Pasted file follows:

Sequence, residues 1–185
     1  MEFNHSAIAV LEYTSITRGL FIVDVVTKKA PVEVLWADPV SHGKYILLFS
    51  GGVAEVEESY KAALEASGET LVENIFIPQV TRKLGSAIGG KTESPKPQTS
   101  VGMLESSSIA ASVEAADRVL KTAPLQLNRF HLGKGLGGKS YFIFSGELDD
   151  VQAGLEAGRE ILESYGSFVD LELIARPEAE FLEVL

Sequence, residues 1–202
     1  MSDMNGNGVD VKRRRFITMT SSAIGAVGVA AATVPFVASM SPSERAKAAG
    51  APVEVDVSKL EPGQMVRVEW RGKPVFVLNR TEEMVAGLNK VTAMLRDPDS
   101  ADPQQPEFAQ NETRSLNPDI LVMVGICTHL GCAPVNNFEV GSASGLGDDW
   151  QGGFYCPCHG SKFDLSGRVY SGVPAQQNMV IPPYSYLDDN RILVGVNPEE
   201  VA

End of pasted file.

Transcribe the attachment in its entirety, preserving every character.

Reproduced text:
Sequence, residues 1–185
     1  MEFNHSAIAV LEYTSITRGL FIVDVVTKKA PVEVLWADPV SHGKYILLFS
    51  GGVAEVEESY KAALEASGET LVENIFIPQV TRKLGSAIGG KTESPKPQTS
   101  VGMLESSSIA ASVEAADRVL KTAPLQLNRF HLGKGLGGKS YFIFSGELDD
   151  VQAGLEAGRE ILESYGSFVD LELIARPEAE FLEVL

Sequence, residues 1–202
     1  MSDMNGNGVD VKRRRFITMT SSAIGAVGVA AATVPFVASM SPSERAKAAG
    51  APVEVDVSKL EPGQMVRVEW RGKPVFVLNR TEEMVAGLNK VTAMLRDPDS
   101  ADPQQPEFAQ NETRSLNPDI LVMVGICTHL GCAPVNNFEV GSASGLGDDW
   151  QGGFYCPCHG SKFDLSGRVY SGVPAQQNMV IPPYSYLDDN RILVGVNPEE
   201  VA